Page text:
Legislative Scrutiny: Nationality and Borders Bill (Part 3) – Immigration offences and enforcement Contents

1Introduction

1.In recent years there has been an increased concern that people are entering the UK in small boats by crossing the Channel from France. News outlets have consistently reported that in 2021 more individuals have attempted to cross the Channel than in previous years.1 The United Nations High Commissioner for Refugees has suggested that this increase is a result of the significant reduction and air and freight traffic during the COVID-19 pandemic.2 Most of those individuals who arrive by boat do go on to claim asylum (98%).3

2.The Channel is the busiest shipping route in the world and those making the journey crossing often do so aboard vessels that are small, cramped and not seaworthy. The route is an incredibly dangerous one and there have been too many unfortunate cases where individuals, including children, have lost their lives during their journey. Every loss of life in the Channel is tragic and it should be a pressing priority for Government that further deaths in the Channel are prevented.

3.The Government’s New Plan for Immigration notes that small boat crossings, and irregular entry more generally, is being “facilitated by serious organised criminals exploiting people and profiting from human misery”, and one of the aims of the Nationality and Borders Bill (NBB) is to “break the business model of people smuggling networks.” To this end Part 3 of the Bill, which is the focus of this report, contains various enforcement powers in relation to ships and vehicles and modifies existing immigration offences.

The Nationality and Borders Bill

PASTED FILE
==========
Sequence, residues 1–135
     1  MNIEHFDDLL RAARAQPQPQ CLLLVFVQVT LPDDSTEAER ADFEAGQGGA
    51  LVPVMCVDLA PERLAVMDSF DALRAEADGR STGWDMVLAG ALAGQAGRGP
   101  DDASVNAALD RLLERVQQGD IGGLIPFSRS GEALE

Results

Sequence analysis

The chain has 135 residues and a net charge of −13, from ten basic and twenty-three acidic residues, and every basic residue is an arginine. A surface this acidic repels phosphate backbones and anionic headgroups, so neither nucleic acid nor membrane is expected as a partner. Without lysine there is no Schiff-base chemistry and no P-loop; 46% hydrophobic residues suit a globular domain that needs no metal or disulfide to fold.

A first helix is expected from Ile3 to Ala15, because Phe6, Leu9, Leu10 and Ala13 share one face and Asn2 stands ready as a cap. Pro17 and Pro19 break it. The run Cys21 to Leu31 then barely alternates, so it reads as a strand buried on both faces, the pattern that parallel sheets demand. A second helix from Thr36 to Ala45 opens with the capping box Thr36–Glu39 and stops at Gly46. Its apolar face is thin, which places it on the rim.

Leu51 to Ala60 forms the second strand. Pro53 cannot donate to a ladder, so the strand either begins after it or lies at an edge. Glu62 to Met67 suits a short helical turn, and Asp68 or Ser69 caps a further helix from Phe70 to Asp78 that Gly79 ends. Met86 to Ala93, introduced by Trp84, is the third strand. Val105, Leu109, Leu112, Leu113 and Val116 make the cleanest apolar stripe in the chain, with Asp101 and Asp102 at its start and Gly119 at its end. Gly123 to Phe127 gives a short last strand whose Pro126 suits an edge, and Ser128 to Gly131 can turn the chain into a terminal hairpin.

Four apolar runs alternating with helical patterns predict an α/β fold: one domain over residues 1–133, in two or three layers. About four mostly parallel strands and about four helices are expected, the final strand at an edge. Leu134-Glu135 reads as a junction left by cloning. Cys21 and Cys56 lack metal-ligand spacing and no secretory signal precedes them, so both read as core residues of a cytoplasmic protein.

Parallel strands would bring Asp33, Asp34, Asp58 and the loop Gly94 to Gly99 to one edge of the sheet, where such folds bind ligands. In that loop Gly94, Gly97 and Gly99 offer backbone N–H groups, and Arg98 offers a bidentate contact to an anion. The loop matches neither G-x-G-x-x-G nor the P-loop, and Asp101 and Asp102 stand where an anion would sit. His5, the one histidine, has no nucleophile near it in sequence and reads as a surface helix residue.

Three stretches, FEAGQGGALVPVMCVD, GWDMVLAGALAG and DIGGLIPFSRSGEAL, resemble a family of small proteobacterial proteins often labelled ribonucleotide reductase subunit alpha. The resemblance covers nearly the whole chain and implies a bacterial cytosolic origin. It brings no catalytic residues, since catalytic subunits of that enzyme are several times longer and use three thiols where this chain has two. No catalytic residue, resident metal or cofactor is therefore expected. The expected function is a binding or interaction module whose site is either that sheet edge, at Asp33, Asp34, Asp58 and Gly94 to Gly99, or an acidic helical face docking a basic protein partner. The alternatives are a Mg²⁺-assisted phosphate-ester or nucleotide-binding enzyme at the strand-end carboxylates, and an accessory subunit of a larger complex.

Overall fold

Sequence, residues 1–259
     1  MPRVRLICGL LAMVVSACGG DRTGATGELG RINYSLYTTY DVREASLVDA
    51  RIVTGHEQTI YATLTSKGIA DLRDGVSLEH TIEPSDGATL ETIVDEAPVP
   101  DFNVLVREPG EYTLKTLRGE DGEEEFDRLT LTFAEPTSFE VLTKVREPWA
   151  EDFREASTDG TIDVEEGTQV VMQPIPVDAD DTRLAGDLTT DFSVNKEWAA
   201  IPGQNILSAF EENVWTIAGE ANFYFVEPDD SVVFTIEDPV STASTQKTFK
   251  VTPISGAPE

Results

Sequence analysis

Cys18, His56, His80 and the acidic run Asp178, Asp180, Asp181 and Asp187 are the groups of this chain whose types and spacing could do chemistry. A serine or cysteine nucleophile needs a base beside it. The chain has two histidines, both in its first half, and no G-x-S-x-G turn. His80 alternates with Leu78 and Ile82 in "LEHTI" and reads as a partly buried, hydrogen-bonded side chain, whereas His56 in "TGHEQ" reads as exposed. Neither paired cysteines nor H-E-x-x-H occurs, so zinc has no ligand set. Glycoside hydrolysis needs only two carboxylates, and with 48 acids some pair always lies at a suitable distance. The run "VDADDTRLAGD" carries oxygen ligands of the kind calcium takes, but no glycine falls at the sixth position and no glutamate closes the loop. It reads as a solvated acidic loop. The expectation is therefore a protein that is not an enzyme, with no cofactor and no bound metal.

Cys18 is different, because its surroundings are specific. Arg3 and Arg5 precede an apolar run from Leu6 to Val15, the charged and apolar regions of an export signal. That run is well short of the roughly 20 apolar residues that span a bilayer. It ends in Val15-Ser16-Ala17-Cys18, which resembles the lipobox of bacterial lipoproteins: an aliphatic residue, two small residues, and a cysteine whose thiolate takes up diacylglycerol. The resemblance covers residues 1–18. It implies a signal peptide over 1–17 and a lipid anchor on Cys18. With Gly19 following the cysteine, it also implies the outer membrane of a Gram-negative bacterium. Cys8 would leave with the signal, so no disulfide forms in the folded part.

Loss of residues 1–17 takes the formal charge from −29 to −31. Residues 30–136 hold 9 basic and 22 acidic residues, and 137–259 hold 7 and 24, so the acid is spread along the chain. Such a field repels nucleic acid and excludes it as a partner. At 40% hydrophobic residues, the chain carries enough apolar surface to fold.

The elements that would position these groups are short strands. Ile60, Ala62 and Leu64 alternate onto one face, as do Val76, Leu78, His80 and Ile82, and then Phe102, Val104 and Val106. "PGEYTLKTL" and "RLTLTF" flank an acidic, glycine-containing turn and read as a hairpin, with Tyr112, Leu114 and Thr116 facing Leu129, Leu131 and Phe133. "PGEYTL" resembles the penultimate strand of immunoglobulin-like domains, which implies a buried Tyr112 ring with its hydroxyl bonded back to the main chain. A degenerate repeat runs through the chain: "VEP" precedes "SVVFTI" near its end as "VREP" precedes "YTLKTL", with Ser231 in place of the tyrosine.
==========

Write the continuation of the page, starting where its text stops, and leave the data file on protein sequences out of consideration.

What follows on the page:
4.The NBB was introduced to the House of Commons on 6 July 2021 and completed Committee Stage in the Commons on 4 November 2021. Dates for Report Stage and Third Reading are yet to be announced.

5.The NBB covers wide-ranging matters including (i) nationality (Part 1); (ii) treatment of refugees and asylum seekers (Part 2); (iii) enforcement of immigration law (Part 3); (iv) age assessments (Part 4); (v) modern slavery (Part 5); and miscellaneous provisions (Part 6). The provisions in the Bill give rise to several human rights considerations and, consequently, this is the second report from our Committee—following Legislative Scrutiny: Nationality and Borders Bill (Part 1)–Nationality—on the proposed legislation. This Report focuses on the enforcement provisions in Part 3 of the Bill. Our scrutiny of other aspects of the Bill is ongoing.

6.Part 3 of the Bill would:

7.In this Report we have used the numbering of provisions in the Bill as amended in Committee. Part 3, therefore, includes clauses 39 to 47.4

Human Rights in issue

8.The provisions in Part 3 of the Bill engage several human rights in the European Convention on Human Rights (ECHR) and other international human rights treaties that bind the UK, including:

a)the right to life (Article 2 ECHR and Article 6 of the International Covenant on Civil and Political Rights (ICCPR));